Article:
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Our captain and guide told us that because of the ban, many local families were deprived of their main source of income. In a bid to provide jobs and help the locals change their ideas, they started promoting the conservation and protection of turtles here, setting up the Centro Mexicano de la Tortuga, and also the production of natural cosmetics.

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One of the many frigates flying overhead.

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One of our first "stops" was to see the "white rock" where thousands of birds come to nest.

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The rock has turned white from all the bird droppings.

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A brown pelican flies past us.

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As we chugged away from the coast, we saw the first sea turtles which from time to time come to the surface.

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A close encounter with a school of dolphins

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Dolphins swimming around the boats for a while.

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At certain times of the year, you can also see whales.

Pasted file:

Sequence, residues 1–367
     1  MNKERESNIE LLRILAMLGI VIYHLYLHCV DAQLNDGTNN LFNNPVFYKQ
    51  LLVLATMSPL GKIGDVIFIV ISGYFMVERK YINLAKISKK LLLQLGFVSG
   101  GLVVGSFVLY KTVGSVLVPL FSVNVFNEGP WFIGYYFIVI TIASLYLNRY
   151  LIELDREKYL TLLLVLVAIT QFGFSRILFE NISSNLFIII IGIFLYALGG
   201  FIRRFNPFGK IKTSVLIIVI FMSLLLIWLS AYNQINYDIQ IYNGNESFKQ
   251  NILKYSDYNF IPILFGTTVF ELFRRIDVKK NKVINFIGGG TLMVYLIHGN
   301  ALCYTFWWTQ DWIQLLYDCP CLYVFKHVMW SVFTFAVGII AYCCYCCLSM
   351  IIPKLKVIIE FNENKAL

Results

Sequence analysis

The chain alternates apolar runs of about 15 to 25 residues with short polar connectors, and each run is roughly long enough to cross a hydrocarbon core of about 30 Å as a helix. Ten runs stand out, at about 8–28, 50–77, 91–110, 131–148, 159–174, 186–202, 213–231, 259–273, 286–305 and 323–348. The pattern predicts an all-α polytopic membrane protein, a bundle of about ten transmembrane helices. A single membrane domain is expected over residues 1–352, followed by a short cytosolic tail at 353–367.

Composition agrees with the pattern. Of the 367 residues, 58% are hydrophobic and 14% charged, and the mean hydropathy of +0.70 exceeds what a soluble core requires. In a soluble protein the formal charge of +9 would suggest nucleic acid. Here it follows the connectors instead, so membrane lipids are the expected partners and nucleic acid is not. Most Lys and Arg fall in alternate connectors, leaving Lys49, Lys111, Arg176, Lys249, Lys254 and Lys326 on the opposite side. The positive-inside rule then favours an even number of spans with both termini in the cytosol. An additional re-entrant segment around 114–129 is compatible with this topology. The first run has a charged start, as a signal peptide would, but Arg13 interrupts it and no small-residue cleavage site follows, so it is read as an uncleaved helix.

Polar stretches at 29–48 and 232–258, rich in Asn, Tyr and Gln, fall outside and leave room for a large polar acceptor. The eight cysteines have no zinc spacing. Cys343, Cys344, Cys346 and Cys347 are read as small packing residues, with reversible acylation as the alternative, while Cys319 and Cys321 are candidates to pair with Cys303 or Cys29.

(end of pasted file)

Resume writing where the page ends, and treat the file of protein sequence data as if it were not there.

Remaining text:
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Cristina filming the dolphins.

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A turtle close to our boat... the boy jumped into the water to show us what it was like.

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Much bigger than I had imagined!

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Cristina and Marc swam with the turtle for a few minutes... an incredible experience, they said.

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Another of the spectacular sights - the flying manta rays. These incredible creatures can jump 3 metres out of the water, flapping their fins like wings for a few seconds before landing back in the water.

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After our 3-hour boat trip, it was time to beach the boat. Had to put cameras away, then we sped at full throttle towards the beach, hitting the sand and sliding up as far as possible on some wooden bars!

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Back to El Copal for a rest and something to eat.

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Delicious beef kebabs for lunch